Still wearing a mask

K.P. Peralta

Anchor Contributor

Image via Wikimedia Commons/AlexChirkin

During the first week of this semester, my professors have reflected Rhode Island College’s current policy regarding masking that places discretionary power in their hands. Some opened the topic to discussion among students with the intent of reaching a collective understanding, some addressed the matter ultimately leaving masking to individual discretion.


I found myself in a moment of doubt, recurring with each repeated first class: Should I vocalize my concerns or should I trust that our class could arrive at a decision that I felt comfortable with? Would I be opening up a can of worms and marking myself as “the mask guy” in class? I kept my mouth shut with any would-be-treacherous facial expressions hopefully hidden by my literal mask.


For the most part, my fellow classmates – graduate students in the school of social work – have individually chosen to forgo masking, a decision that reflects the attitudes of the broader RIC student body. With that in mind, I realize that in all likelihood you too have decided to no longer wear a mask while on campus. As someone aspiring to become a social worker I found this trend to be understandable, albeit mildly troubling.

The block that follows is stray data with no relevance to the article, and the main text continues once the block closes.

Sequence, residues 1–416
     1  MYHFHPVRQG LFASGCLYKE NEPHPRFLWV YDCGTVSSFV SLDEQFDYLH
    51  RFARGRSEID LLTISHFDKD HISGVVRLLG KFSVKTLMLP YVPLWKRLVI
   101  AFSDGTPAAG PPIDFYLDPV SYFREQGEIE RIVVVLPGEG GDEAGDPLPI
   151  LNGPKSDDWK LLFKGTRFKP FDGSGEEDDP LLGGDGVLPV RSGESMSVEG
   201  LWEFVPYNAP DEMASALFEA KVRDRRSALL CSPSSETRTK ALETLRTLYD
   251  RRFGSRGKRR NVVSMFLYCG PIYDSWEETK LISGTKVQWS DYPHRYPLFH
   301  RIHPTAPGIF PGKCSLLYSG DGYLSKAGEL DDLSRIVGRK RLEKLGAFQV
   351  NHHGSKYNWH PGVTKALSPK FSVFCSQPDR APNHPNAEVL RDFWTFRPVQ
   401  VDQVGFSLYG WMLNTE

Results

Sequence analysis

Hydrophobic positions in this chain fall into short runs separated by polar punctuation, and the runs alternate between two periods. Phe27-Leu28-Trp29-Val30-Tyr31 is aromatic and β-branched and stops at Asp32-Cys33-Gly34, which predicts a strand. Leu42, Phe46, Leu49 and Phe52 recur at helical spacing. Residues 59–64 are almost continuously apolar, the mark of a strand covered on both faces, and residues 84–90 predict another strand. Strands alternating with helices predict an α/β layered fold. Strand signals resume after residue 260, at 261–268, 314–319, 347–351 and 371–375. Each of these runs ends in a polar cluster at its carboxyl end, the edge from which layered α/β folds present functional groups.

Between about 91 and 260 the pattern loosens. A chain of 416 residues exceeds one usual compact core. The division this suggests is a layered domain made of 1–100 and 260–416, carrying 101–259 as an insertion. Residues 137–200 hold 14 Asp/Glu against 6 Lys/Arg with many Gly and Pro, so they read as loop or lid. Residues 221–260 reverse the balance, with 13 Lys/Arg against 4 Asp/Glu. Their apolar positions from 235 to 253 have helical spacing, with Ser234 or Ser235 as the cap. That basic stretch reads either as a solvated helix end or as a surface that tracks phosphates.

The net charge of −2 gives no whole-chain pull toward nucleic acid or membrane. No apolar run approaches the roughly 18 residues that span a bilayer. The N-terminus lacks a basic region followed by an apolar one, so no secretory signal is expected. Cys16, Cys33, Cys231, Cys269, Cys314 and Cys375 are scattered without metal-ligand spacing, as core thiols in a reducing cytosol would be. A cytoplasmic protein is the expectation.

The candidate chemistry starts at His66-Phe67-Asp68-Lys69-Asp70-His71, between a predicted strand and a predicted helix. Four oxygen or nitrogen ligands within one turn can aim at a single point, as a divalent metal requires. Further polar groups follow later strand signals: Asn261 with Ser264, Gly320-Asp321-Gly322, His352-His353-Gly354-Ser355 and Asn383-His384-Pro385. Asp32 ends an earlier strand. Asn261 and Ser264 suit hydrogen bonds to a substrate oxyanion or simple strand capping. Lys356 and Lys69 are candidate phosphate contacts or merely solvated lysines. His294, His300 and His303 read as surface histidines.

Understandable because vaccines are widely available and Rhode Island continues to enjoy relatively low rates of transmission and infection, however all the epidemiological reasons for wearing a mask continue to hold true. Masks continue to reduce the likelihood of transmission of airborne diseases, not just COVID but also colds and the flu. The masks also protect both my health and the health of others around me, most especially people around campus who are immunocompromised and have other comorbidities. At the same time, I also recognize that some classmates with hearing impairments may be better served in the classroom when they are able to read lips and masks would get in the way of that.


I understand the common counterpoints that are often brought up. This is the start of a new school year, the numbers continue to look good and there was even a recent science report of an antibody for all known COVID-19 variants. Things appear to be very promising, but for me, continuing to wear a mask on campus is an embodiment of the National Association of Social Workers code of ethics – most especially the value of social justice.


I do it as an act of empathy for my classmates who must continue to wear a mask for whatever reason – and more importantly, as an act of solidarity with students, faculty and staff who have been asked to out themselves for their otherwise hidden medical conditions. They have been asked to risk their privacy for the sake of public convenience.


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